William Hague told the Spectator’s Parliamentarian of the Year awards last week that he was standing down from the Commons ‘to do some other things I’ve always wanted to do’. So far that seems to consist of expensive after dinner speeches.
Accepting his lifetime achievement award at the Savoy, the one time Tory leader finally revealed the secret to how he used to get the better of Tony Blair every week at PMQs. Hague recalled how Tony had two big folders ‘that went from Aardvark at top of the first folder, to Zoology at the bottom of the second, so he could find anything to show how terrible 18 years of Tory government were.’ But Blair’s plan was flawed: ‘Then we realised the one weakness of this all: it was in alphabetical order. So therefore if you asked a series of questions thematically related – but not in alphabetically – this would cause immense confusion!’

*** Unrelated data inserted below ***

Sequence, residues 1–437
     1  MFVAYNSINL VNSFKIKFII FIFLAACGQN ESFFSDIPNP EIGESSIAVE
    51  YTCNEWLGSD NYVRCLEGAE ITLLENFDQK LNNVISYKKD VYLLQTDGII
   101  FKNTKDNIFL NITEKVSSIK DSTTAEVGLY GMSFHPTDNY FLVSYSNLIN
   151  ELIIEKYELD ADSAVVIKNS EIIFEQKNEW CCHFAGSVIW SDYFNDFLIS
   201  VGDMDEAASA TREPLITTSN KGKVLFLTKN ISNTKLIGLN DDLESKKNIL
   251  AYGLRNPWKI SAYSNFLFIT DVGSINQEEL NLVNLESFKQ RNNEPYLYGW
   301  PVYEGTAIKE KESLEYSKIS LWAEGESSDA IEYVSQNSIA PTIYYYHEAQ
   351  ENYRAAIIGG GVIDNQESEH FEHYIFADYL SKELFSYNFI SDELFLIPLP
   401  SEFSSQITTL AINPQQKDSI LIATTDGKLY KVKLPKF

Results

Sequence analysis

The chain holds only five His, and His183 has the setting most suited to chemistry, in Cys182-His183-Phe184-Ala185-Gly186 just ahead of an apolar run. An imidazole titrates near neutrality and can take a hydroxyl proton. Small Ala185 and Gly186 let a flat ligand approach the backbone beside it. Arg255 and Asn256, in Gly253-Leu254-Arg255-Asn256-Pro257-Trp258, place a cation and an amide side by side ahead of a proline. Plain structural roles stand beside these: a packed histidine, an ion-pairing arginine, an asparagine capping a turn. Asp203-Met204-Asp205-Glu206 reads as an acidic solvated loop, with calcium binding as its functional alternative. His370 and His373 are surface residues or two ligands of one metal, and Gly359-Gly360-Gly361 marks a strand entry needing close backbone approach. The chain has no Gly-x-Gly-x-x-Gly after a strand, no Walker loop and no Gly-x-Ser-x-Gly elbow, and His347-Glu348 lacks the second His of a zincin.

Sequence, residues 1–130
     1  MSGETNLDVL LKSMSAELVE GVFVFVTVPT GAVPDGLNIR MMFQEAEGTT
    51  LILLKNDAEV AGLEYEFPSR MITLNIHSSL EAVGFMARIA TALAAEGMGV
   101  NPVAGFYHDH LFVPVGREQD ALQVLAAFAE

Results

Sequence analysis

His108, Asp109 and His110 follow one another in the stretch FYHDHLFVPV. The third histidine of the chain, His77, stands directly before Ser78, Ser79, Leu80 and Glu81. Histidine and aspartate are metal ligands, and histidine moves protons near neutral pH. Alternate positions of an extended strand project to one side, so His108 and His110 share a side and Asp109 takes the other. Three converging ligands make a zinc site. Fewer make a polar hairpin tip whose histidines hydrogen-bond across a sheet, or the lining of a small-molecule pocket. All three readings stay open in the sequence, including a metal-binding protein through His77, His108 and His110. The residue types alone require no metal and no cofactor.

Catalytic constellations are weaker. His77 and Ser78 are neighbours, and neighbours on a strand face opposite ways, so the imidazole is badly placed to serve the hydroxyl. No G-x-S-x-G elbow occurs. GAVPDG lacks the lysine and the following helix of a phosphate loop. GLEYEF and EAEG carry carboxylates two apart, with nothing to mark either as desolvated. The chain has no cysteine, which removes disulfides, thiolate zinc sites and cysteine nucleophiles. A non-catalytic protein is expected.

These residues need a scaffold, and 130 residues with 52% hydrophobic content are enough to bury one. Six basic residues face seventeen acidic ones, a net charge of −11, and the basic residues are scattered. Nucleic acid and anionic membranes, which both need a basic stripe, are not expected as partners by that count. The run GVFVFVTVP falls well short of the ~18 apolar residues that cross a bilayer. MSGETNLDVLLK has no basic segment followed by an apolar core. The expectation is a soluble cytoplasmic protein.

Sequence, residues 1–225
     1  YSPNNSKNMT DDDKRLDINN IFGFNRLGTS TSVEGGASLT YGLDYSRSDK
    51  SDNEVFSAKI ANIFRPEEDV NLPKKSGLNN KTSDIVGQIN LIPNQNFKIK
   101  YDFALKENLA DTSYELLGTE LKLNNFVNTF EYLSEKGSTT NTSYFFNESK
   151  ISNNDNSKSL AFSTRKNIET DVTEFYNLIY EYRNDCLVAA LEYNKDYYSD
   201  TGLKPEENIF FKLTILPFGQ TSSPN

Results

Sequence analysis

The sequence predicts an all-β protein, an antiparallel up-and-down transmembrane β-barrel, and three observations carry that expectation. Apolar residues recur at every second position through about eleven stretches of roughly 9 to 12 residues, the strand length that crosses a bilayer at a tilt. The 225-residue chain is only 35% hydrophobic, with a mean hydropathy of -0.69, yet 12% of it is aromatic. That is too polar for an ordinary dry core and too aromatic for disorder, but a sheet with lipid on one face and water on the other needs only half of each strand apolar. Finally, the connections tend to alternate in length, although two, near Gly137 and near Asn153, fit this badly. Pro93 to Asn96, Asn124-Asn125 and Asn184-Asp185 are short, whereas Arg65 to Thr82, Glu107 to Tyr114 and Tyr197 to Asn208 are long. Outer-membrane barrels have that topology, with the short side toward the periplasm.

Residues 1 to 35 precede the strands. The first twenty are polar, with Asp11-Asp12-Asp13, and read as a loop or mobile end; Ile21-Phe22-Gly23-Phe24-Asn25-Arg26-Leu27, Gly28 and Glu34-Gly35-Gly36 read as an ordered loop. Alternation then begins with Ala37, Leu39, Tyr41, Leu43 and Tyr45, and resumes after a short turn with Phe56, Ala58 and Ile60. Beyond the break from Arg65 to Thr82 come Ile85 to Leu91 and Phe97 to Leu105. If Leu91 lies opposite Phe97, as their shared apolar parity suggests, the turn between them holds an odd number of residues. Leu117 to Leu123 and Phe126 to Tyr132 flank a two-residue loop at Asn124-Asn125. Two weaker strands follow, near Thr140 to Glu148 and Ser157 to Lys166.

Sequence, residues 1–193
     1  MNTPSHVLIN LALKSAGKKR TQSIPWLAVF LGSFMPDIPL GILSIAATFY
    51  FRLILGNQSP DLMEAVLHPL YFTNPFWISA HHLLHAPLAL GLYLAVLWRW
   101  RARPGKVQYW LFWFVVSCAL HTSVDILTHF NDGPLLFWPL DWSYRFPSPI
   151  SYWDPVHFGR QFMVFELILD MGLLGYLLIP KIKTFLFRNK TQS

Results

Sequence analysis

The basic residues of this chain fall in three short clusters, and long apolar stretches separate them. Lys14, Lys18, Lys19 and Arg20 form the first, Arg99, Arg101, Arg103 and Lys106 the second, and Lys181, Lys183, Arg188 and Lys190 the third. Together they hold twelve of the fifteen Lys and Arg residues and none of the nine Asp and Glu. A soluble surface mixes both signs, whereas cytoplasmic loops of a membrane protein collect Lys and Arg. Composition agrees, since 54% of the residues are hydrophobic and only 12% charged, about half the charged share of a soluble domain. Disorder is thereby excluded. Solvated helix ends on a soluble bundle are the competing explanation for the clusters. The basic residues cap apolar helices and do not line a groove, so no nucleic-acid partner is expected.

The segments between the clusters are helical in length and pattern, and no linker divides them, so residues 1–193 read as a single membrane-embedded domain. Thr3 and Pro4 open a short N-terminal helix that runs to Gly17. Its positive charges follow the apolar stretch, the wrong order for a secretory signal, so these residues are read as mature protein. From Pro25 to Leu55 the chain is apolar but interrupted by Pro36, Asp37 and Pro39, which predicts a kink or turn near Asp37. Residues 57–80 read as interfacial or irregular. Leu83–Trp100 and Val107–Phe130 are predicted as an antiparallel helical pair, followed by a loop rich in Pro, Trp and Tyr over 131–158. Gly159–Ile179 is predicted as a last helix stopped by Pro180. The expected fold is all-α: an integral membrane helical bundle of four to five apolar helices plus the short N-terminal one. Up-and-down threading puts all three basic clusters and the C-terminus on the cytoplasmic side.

Hague liked the story so much that he told it twice, word for word, to two different audiences that same day. The very same anecdote got an evening outing at the Institute of Directors annual dinner where, unsurprisingly, the guest speaker didn’t need any notes.